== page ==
Although, as in this case, the plaintiff in Sauve had not had his claim adjudicated on the merits, Justice Lemieux found that the plaintiff’s disregard of the Court’s case management rules constituted an abuse of process. He noted particularly that the plaintiff had been given ample opportunity to advance his case to an adjudication on its merits and had provided no justifiable reason for failing to do so.
 The doctrine of abuse of process is applied to preserve the integrity of the court’s process and procedure, and to prevent parties from conducting themselves in a manner which would bring the administration of justice into disrepute. In Toronto (City) v. C.U.P.E (Local 79),  3 S.C.R.77, at para. 37, the Supreme Court of Canada noted some of the instances in which the doctrine has been applied:
Canadian courts have applied the doctrine of abuse of process to preclude relitigation in circumstances where the strict requirements of issue estoppel (typically the privity/mutuality requirements) are not met, but where allowing the litigation to proceed would nonetheless violate such principles as judicial economy, consistency, finality and the integrity of the administration of justice.
 In C.U.P.E, at para. 38, the Court elaborated the relationship between res judicata and abuse of process by relitigation as follows:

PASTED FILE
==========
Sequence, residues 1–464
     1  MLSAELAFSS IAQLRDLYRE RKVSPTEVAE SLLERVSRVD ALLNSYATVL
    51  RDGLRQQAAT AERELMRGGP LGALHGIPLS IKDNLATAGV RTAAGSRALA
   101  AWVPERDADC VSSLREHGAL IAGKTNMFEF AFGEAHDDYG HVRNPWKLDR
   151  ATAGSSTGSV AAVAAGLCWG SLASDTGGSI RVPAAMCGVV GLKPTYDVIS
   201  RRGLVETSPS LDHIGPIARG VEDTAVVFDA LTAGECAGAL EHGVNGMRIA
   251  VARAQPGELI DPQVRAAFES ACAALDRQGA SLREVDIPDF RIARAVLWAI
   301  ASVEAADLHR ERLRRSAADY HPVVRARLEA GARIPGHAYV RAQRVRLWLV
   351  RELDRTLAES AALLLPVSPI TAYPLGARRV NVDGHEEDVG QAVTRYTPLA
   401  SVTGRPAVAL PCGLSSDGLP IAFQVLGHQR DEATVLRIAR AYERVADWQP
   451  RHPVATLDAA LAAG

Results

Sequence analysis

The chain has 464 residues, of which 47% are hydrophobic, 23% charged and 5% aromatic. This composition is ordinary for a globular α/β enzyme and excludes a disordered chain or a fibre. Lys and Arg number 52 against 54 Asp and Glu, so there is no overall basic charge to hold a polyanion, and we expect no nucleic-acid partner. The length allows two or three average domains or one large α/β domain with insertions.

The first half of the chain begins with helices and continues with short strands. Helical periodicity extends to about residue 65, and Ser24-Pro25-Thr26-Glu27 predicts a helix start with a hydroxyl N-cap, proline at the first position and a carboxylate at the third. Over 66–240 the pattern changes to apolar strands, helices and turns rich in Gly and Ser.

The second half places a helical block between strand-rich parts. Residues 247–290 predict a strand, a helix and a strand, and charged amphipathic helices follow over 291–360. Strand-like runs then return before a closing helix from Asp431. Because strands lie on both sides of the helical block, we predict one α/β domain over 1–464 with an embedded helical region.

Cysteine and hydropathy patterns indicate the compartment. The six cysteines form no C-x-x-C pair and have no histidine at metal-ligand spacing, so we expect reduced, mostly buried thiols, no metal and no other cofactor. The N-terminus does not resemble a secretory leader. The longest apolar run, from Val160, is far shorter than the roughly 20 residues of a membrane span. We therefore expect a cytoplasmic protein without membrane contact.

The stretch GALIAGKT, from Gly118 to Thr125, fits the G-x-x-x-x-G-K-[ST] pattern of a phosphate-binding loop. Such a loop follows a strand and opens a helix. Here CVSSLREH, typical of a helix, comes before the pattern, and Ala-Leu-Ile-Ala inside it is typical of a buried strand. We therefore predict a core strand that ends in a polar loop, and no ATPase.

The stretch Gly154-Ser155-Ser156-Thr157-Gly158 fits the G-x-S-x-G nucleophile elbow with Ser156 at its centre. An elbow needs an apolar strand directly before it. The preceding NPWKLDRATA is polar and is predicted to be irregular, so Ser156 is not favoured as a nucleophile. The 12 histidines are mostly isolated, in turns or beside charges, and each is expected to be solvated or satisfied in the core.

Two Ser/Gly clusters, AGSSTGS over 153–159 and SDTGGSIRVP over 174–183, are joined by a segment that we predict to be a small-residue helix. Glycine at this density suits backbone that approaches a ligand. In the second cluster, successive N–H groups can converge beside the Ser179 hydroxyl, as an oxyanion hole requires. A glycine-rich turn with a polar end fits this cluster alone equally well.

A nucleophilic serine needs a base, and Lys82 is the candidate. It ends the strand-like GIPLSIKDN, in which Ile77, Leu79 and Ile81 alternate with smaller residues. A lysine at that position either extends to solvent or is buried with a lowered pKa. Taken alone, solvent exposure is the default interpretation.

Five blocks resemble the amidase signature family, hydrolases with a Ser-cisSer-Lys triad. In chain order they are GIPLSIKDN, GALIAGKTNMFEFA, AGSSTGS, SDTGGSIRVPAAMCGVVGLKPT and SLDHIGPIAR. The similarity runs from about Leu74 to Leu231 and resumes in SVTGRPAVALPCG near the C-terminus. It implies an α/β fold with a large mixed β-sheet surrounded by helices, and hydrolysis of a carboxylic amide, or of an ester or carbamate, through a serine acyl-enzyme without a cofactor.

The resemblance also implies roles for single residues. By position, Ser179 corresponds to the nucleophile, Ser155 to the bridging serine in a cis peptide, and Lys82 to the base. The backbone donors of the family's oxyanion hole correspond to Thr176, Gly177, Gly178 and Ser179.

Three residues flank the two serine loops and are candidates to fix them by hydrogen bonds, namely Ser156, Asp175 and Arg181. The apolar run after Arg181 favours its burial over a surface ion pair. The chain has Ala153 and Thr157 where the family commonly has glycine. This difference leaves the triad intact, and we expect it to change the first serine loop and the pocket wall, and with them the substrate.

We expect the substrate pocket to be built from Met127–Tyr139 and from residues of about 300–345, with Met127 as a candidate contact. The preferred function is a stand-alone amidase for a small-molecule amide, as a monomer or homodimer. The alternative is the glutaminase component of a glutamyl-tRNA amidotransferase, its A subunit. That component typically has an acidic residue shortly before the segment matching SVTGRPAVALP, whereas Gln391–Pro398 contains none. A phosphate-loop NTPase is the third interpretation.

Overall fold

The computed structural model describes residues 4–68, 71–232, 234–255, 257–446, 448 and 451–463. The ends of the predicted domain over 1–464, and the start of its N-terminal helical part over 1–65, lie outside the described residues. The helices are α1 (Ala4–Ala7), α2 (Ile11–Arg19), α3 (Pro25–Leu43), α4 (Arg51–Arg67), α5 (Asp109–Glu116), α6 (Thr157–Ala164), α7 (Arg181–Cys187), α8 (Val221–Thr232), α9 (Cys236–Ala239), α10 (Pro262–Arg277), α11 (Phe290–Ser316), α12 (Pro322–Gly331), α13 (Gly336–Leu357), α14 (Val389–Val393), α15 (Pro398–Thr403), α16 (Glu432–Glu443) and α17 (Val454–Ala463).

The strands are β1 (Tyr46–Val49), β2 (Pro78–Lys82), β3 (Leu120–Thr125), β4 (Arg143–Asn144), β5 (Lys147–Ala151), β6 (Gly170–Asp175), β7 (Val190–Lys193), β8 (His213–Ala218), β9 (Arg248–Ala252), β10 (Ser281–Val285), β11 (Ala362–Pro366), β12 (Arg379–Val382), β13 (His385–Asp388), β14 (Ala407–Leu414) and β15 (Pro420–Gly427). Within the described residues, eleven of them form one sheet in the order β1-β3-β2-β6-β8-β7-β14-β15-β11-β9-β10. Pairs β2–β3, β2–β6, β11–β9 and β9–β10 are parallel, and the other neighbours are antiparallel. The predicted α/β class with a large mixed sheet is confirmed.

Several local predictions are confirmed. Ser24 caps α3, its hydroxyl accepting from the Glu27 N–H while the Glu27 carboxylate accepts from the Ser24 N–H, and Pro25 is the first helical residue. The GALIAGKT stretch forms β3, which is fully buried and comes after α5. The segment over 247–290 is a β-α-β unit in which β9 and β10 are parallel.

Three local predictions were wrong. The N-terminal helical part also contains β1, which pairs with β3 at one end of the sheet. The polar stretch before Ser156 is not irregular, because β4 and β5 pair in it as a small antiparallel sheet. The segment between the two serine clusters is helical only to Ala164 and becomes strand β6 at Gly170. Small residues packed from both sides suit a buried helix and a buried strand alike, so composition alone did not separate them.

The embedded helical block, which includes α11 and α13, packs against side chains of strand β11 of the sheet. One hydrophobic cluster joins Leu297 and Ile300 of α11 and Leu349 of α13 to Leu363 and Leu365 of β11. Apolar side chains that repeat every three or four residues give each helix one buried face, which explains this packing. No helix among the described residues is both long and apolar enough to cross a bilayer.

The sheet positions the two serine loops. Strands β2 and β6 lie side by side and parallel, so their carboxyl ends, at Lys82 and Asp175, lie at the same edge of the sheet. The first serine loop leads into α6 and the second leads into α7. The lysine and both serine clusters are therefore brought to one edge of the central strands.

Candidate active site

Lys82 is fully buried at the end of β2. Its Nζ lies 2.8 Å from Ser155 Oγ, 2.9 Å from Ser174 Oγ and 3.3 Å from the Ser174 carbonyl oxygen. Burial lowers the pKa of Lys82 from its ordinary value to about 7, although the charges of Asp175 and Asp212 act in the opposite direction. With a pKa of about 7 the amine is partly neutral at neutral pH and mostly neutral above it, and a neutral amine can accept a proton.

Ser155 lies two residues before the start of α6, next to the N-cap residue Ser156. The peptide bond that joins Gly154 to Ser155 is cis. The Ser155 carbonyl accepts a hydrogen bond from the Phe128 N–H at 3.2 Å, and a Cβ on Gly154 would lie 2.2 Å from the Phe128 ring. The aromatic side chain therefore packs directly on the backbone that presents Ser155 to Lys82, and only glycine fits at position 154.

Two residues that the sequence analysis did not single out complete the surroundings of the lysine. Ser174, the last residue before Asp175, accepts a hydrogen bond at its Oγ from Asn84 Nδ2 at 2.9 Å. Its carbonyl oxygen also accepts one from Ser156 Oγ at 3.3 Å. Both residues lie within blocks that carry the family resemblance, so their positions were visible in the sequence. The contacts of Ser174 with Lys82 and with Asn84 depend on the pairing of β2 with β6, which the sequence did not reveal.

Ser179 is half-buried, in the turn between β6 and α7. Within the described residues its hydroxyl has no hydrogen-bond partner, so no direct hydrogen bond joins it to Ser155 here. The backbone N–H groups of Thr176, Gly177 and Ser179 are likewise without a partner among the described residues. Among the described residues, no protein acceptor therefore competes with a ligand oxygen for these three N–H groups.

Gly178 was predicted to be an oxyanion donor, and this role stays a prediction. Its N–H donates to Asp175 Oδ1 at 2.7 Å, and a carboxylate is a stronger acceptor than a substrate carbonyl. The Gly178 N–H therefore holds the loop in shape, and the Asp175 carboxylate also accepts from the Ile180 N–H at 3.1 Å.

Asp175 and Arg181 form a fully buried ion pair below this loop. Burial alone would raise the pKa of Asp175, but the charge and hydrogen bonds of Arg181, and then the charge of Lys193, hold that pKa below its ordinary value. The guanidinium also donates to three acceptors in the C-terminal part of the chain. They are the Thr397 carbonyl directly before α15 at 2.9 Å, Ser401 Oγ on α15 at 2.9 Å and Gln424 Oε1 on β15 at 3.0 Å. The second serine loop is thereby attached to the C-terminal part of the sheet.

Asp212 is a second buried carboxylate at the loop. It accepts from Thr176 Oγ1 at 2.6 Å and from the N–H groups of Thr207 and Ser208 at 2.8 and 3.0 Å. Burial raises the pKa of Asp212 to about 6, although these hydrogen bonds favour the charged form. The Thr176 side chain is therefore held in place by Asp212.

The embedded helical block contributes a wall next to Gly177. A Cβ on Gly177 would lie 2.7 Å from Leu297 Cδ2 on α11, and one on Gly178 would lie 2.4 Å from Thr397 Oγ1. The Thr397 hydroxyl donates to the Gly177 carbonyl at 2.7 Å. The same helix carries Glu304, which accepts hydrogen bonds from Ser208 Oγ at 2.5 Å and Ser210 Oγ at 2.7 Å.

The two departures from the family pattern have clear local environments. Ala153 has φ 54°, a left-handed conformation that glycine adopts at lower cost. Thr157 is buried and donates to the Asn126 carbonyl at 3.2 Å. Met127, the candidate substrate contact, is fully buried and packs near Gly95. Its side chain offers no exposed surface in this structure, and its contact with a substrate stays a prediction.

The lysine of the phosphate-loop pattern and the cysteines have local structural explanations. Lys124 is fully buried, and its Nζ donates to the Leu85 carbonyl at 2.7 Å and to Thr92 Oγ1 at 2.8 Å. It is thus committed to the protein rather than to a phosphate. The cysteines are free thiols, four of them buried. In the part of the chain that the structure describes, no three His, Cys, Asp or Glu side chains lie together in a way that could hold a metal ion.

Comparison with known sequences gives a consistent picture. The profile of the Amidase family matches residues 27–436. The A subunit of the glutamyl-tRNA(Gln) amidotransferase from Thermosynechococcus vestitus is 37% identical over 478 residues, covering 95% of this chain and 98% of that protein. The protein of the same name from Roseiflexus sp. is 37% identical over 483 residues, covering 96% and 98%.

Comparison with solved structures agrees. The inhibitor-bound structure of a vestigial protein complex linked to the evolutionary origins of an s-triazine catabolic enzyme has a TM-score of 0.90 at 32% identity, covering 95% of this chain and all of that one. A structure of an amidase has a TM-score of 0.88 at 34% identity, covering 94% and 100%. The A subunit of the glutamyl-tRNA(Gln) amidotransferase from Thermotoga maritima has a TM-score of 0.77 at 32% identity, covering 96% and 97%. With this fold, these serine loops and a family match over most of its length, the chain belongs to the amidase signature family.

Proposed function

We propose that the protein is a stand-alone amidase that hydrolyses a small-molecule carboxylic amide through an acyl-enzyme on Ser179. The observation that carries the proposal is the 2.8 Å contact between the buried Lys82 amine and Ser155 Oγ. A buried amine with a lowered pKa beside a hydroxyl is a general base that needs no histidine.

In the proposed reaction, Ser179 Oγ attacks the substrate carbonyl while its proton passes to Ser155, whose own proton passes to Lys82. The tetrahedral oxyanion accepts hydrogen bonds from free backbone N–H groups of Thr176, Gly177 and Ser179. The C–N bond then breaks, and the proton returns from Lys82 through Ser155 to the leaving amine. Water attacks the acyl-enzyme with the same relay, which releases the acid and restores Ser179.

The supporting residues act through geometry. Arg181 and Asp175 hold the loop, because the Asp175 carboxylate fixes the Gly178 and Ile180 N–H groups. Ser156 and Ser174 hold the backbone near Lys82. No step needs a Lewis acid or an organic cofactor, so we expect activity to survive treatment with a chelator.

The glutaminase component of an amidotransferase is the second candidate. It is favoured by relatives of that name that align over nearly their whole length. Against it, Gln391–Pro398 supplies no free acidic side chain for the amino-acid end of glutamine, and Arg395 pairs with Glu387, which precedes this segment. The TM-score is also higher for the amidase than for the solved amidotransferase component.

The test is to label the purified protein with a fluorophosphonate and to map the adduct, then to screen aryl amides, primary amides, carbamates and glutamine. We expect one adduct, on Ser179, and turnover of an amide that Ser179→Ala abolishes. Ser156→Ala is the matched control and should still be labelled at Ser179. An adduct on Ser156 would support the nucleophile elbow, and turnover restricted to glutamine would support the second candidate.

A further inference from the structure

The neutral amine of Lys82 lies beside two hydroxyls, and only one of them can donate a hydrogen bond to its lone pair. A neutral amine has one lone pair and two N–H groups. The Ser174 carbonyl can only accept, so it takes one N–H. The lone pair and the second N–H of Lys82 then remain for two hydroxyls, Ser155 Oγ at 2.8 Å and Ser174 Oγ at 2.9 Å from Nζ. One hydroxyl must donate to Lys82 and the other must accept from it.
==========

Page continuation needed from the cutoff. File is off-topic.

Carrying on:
It is true that the doctrine of abuse of process has been extended beyond the strict parameters of res judicata while borrowing much of its rationales and some of its constraints. It is said to be more of an adjunct doctrine, defined in reaction to the settled rules of issue estoppel and cause of action estoppel, than an independent one (Lange, supra, at p. 344). The policy grounds supporting abuse of process by relitigation are the same as the essential policy grounds supporting issue estoppel (Lange, supra, at pp. 347-48):
The two policy grounds, namely, that there be an end to litigation and that no one should be twice vexed by the same cause, have been cited as policies in the application of abuse of process by relitigation. Other policy grounds have also been cited, namely, to preserve the courts' and the litigants' resources, to uphold the integrity of the legal system in order to avoid inconsistent results, and to protect the principle of finality so crucial to the proper administration of justice.
 Maple Leaf abandoned its appeal by a written request and abandoned its Motion to Convert by failing to bring it on for hearing after being granted an adjournment. The merits of Maple Leaf’s claim that the Notice was invalid because a public authority under the Act had to be Canadian, could have been decided but was not, because for reasons which have not been explained, Maple Leaf chose not to proceed with its Motion to Convert. In these circumstances, the current application for judicial review of the Notice is an abuse of process.
Issue 4 The Validity of the Notice
 In view of my conclusion that this application is an abuse of process, it is not necessary to consider this issue.
NAME OF COUNSEL AND SOLICITORS OF RECORD
STYLE OF CAUSE: MAPLE LEAF FOODS INC.
CONSORZIO DEL PROSCIUTTO DI PARMA
THE REGISTRAR OF TRADE-MARKS
Brian D. Edmonds
Daniel G.C. Glover
SOLICITORS OF RECORD:
Gowling Lafleur Henderson LLP
Brian D. Edmonds
Daniel G.C. Glover
McCarthy Tétrault LLP